The average age of a vehicle on the road today is 12 years, according to CARiD, so it’s likely you’ll need to make several visits to the repair shop over the course of those years. And depending on what needs to be done, these repairs can be pricey.
But there is a way to save big bucks on your next repair. According to CARiD data, if drivers purchase the needed parts, tools and chemicals online and do the work themselves, they can save up to 85% on average on a car repair.
What Repairs Are Safe To DIY?
Saving up to 85% is an appealing prospect, but it’s important that you only perform a repair yourself if you are confident you can do it safely.
“Any repair requires a certain level of safety precautions,” said Richard Reina, product training director at CARiD. “The easiest and safest ones to start with are things like checking tire pressure, replacing the interior cabin air filter, replacing a lightbulb or replacing wiper blades. They don’t require a lot of tools, and they don’t require working around a hot engine or jacking up the car. What I like about starting with these recommendations is that it builds a level of confidence.”
Once you get comfortable with these simple repairs, you can work your way up to performing your own oil change.
“Changing the engine oil is not a difficult thing to do, but it requires you to own a set of jack stands to properly and safely support the weight of the car before you slide underneath,” Reina said.
You Can Still Save by Buying Parts Yourself and Leaving the Repair to a Professional
If you don’t feel comfortable performing a repair yourself — or if it’s a more complicated repair that requires a professional — you can still save by buying the replacement parts needed and bringing them to the repair shop. Repair parts account for up to 77% of the total cost to consumers, according to the CARiD data.
Before doing this, however, it’s important to talk to your mechanic and see if they will allow you to buy the parts yourself.
“A lot of mechanics won’t do this, but a lot of mechanics will,” Reina said. “Having a relationship with a mechanic does increase the likelihood that they will accept getting a part from you. Having that conversation ahead of time adds to the credibility. It gets them to understand that you don’t see them as trying to rip you off, but you want them to understand that you’re just trying to save some money and maybe have dealt with this particular part source before.”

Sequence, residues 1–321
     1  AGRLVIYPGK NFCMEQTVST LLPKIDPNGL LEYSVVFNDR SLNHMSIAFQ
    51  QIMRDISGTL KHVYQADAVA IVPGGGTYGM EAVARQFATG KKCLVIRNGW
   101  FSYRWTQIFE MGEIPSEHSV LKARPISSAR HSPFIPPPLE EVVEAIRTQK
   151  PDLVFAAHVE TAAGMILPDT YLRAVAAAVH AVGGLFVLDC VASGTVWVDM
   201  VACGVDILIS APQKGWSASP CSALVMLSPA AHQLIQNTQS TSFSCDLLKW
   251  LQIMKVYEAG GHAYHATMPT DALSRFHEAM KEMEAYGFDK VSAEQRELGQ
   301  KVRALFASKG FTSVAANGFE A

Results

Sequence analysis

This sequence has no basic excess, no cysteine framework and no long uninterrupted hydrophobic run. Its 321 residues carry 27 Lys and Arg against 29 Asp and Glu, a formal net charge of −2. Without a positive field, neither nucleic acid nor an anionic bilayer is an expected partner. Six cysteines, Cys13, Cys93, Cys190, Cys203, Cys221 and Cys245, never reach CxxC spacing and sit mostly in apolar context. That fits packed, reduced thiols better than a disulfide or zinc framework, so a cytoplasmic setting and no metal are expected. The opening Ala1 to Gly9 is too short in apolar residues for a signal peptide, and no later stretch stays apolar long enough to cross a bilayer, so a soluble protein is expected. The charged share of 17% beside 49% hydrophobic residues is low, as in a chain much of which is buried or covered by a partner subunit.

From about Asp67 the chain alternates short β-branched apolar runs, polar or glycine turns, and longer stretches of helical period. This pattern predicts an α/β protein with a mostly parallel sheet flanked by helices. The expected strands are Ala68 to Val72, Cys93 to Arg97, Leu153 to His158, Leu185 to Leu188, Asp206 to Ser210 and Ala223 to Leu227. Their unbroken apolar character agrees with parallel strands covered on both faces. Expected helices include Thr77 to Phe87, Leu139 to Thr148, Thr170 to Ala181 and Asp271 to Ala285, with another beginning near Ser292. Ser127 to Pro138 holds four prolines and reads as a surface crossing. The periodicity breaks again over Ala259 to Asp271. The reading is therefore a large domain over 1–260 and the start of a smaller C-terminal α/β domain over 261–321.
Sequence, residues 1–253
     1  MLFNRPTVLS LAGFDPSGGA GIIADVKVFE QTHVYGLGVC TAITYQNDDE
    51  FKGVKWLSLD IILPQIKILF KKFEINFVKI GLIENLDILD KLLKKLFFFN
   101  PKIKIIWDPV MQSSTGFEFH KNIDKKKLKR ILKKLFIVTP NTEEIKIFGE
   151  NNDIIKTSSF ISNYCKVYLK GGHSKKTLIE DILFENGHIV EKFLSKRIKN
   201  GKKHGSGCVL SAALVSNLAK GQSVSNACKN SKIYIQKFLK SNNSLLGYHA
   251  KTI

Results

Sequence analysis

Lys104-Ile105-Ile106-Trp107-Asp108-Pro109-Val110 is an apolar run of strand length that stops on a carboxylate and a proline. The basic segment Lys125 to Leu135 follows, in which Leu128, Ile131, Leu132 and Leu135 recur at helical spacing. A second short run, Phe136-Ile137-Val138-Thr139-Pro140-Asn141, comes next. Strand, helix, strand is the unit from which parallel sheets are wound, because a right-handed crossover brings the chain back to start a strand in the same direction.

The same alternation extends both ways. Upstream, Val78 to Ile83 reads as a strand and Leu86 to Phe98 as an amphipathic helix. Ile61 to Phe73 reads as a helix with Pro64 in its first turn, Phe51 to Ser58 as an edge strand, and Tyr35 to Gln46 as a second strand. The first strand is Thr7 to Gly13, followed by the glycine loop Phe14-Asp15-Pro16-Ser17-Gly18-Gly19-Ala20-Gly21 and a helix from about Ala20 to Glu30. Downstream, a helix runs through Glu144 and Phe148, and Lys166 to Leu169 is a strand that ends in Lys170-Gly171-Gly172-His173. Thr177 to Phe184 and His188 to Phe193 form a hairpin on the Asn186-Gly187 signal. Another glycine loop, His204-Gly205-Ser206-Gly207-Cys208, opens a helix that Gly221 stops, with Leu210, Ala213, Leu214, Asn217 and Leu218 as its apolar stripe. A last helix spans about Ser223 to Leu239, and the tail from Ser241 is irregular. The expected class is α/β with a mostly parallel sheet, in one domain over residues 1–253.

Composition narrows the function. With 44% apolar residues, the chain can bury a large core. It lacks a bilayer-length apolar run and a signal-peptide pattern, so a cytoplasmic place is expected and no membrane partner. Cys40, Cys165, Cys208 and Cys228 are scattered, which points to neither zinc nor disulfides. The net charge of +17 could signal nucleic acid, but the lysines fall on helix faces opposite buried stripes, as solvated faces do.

As for where to purchase parts if you get the OK from your mechanic, you have a few options that each have their own pros and cons.
Purchase Parts Directly From Your Car Dealer
“Your first inclination might be to go to the dealer. The advantage is potentially the dealer might be close to you, it might be where you bought your car and you’ll get brand-name parts,” Reina said.
And in some cases, this might be your only option.
“Depending upon the age of the car and depending on which part you’re looking for, it might be the only choice. The aftermarket might not have gotten around to producing the part that you need,” Reina said.
However, this is also likely the most expensive place to buy car parts.
Purchase Parts From a Brick-and-Mortar Aftermarket Retailer
Another option is purchasing parts from retailers like Pep Boys, AutoZone, Advance Auto Parts and NAPA Auto Parts.
“The great thing about them is they are very competitive with the car dealerships, and therefore will offer parts at a lower price than the car dealers will,” Reina said. “They will also offer a greater variety of different brands.”
Purchase Parts From an Online Aftermarket Retailer
“With the online retailers, you potentially get the widest variety of choices, you potentially get some of the best pricing, but you also have to consider shipping costs for the bottom line price,” Reina said. “Some places offer free shipping, some have a nominal charge for shipping. You have to take all that into consideration.”
Another thing to consider is how soon you need the new part.
“If you need the part today, buying online is not going to get you the part today,” Reina said. “The Toyota dealer or AutoZone, if they have the part on their shelves, I can drive there and get the part in an hour.”
Tips for Buying Car Parts
If you buy parts from a brick-and-mortar or online aftermarket retailer, it’s important to comparison shop and do your research to ensure you are not sacrificing quality to cut costs — after all, putting a faulty part in your car can be very dangerous.
“I typically advise people to start by looking for brand names you may recognize,” Reina said. “Some brand names are associated with the vehicle manufacturers. For example, Motorcraft is a Ford brand, Mopar is a Chrysler brand and ACDelco is a General Motors brand. I also tell people to look at the warranty. If a brand-name aftermarket part is selling for $100 and somebody is selling the same part for $30, that should bring up a red flag. How good is this $30 part compared to the $100 part? But look at the warranty. If the $100 part comes with a one-year warranty and the $30 part comes with the same warranty, maybe the risk analysis here makes it worth it.”
It’s also always a good idea to seek out advice.
“See if the online store has a phone number where you can call and talk to a sales representative so you can get some advice on what parts might be best for you,” Reina said. “Ask friends, acquaintances, co-workers or relatives if they shopped from an online business before or if they bought this brand before. There are also forums you can look at online. So a lot of it is doing some homework ahead of time.”
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This article originally appeared on GOBankingRates.com: This Unconventional Tactic Could Save You 85% on Your Next Car Repair